verb (used with object), sup·posed, sup·pos·ing.
verb (used without object), sup·posed, sup·pos·ing.
Origin of suppose
Examples from the Web for supposably
Historical Examples of supposably
But they are supposably ideal phrases of susceptibility, which may be explained in more ways than one.The Philosophy of Natural Theology
So far as I could make out, he was supposably not visible to any excepting two persons—the one he came for and Appelles.The Man That Corrupted Hadleyburg and Other Stories
Mark Twain (Samuel Clemens)
The girl Nanda, supposably a helpless spectator, takes control of the situation and works it out for her elders.The Craft of Fiction
At this time Mme. du Deffand had supposably reformed her conduct, if not her belief.The Women of the French Salons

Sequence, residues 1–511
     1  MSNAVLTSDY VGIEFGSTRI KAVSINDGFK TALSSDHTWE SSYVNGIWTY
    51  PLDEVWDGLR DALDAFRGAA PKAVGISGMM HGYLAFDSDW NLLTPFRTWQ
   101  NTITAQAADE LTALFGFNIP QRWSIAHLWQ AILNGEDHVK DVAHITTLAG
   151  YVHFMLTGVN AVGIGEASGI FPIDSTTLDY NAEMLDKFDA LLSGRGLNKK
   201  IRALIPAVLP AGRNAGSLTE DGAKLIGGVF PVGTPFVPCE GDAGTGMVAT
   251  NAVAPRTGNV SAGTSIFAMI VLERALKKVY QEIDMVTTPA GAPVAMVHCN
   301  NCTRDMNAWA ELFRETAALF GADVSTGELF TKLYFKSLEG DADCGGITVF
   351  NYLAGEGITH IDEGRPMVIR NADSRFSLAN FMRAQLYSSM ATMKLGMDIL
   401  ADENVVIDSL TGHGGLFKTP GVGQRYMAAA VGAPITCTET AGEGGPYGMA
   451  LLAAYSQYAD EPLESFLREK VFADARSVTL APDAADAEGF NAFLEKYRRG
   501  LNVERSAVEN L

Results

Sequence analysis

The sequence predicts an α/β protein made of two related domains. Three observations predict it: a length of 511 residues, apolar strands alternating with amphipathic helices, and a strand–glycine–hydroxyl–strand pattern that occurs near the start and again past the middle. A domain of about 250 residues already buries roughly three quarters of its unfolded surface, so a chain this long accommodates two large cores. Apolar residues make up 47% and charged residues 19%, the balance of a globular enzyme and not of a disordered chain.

Amelia Gere Mason
But the extreme poles of her affection are supposably represented by Phaon and Anactoria.
verb (tr; may take a clause as object)
Word Origin for suppose
early 14c., "to assume as the basis of argument," from Old French supposer "to assume," probably a replacement of *suppondre (influenced by Old French poser "put, place"), from Latin supponere "put or place under," from sub "under" + ponere "put, place" (see position). Meaning "to admit as possible, to believe to be true" is from 1520s.
see I suppose so.